How Generations X & Y Are Changing Meetings & Events

Posted by Jenise Fryatt on Fri, May 31, 2013 @ 11:56 AM

Woman Jumping in Bounce HouseMore transparency, more engagement and more education: these are some of the features Generations X and Y are looking for in exhibitions and events, according to new research by Amsterdam RAI.

Working with research companies TrendsActive and Ruigrok/NetPanel, Amsterdam RAI undertook the research in an effort to explore the needs of  attendees who belong to Generations X (age 35-50) and Y (age 20-35).

Yvonne Nassar, head of marketing and innovation at Amsterdam RAI, recently answered a few questions about the report. 

Why is it so important for event professionals to understand Gens X & Y?

To make events future-proof, we need to deal with new expectations from current and future target groups. Generation X (35-50 years old) and Y (20-35 years old) are either current event visitors and/or on our wish list for future events.

Understanding generations is as easy as opening up to the needs of those generations and embracing their perspective. It’s not about translating their life into yours. It’s about getting an insight in their history and why their needs are the way they are. If you can translate those insights successfully to your event, you can make your event more relevant to those generations. In some cases, it’s the difference between growth or decline in visitor amounts.

How was the research conducted?

In partnership with TrendsActive and Ruigrok | NetPanel, Amsterdam RAI has mapped out the changing wishes and demands of generations X and Y. The result is a document full of interesting insights about X & Y, along with various concepts for innovating exhibitions and events and making them future-proof.

The generation insights are based on qualitative research and socio-cultural trend analyses. The qualitative research was performed among visitors to business-to-business and public events. The analyses and concepts were further elaborated from the viewpoint of exhibitions, conferences and other events.

What was the most surprising thing you learned about Gens X & Y?

The cynicism of Generation X going back to their formative years. The fact that Xers are skeptical about media and marketing messages is common knowledge, but that cynicism is one of the main characteristics of that generation surprised me.

That having knowledge and skills is considered cool by Generation Y is somewhat remarkable as well. As this generation is often viewed as a bit laid-back and by some even as lazy-in-the-workplace, it’s great to find the importance of knowledge, and therefore content, as a characteristic of the generation.

How can event professionals use these insights to improve their events & meetings?

First of all, this is a matter of knowing your current visitors and understanding your future ones. The insights can be used to improve events and meetings to cater more to the needs of generation X and/or Y. In essence, it’s about truly listening to customers and translating that to your event. In the report we have illustrated various insights via a series of event concepts to spark the creative strategic thinking of event professionals.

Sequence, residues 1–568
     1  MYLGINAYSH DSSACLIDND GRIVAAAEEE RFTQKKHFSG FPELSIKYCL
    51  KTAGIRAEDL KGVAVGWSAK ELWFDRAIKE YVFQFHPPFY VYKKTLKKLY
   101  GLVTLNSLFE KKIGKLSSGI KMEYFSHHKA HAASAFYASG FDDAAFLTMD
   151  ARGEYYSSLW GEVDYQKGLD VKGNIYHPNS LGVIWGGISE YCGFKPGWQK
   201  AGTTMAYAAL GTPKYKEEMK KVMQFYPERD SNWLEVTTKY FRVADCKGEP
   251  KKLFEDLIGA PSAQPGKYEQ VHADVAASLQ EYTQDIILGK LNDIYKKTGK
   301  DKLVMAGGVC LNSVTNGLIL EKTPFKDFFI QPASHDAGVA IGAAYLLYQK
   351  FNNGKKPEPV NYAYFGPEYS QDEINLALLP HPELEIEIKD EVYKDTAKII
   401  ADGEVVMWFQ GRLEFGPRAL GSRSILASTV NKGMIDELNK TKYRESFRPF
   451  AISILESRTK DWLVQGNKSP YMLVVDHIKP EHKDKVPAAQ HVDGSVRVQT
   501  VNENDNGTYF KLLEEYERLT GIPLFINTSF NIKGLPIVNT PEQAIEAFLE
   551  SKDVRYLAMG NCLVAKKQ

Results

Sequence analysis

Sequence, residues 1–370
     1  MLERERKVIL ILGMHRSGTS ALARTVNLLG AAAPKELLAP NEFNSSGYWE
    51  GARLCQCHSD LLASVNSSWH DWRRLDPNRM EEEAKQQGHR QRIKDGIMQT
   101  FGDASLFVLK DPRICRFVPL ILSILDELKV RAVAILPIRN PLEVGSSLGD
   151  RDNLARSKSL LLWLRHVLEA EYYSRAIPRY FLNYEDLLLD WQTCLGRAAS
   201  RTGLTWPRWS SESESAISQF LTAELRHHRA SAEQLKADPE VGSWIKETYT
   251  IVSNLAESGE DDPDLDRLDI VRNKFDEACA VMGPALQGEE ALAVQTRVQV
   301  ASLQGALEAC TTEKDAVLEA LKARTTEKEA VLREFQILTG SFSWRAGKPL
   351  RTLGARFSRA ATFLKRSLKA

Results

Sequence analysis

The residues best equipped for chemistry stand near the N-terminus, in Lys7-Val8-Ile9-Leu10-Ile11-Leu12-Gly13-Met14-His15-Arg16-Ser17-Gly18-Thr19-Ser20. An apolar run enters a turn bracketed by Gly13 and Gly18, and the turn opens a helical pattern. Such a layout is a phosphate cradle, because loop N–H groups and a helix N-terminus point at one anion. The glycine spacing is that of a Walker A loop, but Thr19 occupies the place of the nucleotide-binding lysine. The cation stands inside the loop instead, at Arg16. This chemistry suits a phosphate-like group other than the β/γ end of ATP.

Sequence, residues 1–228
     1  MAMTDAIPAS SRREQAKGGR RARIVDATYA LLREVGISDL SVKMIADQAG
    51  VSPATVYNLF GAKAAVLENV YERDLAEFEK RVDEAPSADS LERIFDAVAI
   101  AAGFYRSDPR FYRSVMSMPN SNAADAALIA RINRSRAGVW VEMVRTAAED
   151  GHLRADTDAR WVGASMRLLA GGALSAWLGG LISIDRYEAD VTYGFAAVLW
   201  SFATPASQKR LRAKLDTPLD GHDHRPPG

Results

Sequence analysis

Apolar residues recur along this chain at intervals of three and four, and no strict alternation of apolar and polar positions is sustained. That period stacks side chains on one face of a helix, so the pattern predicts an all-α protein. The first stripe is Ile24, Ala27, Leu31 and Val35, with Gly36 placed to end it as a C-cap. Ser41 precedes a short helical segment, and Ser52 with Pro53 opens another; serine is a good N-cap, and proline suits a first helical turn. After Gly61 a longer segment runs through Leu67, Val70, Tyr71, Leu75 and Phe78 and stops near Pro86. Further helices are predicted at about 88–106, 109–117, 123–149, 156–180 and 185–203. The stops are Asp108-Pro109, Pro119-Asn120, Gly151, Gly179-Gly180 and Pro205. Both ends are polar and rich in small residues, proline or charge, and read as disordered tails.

How do you think meetings & events will change in the future to accommodate Gens X & Y

Generation Y expects a real ‘experience’ when they visit an event. In addition to acquiring information, they want to be actively involved before, during and after the event. Participation, co-creation and being able to improve and develop themselves are vital to Generation Y and they also want to be certain that a visit will be worth their while.

Generation X also has specific demands with regard to event visits. They want to know what to expect in advance of their visit, and place great store in trust. They require transparent, honest information that is as personal as possible. Gen-Xers want to know exactly what they are paying for and what they will receive in return.

In essence, both generations require new models of interaction. Meeting and events are more than just a stand alone, one-off activity: they have an important role in communities and year-round dialogues. We can expect a change in event formats, a continuing growing role of technology and a focus on participation.

How can people get a copy of the report?

The trend report can be downloaded for free via this link in exchange for your email and some data.

About Amsterdam RAI @AmsterdamRAI

Connecting context, content and communities to create added value - that’s what Amsterdam RAI believes in. With 120 years of experience, Amsterdam RAI is the largest convention centre in The Netherlands. Located 8 minutes by train from the international airport Schiphol, the Amsterdam city centre is just a walk away. Amsterdam RAI offers a total of 106,500 m2 (114,636 sq.ft.) of event space.

About Yvonne Nassar @yvonnenassar
Head of marketing & innovation at Amsterdam RAI. Loves life. Keen on sharing ideas, travelling and good food. Background in hotels and events. Red thread: setting up international marketing teams. Lived in the U.K. and Paris, bikes to work in Amsterdam now.

(Photo by Kevin Tostado)


Tags: event innovation, conferences, exhibitors, event planners, meeting planners, event industry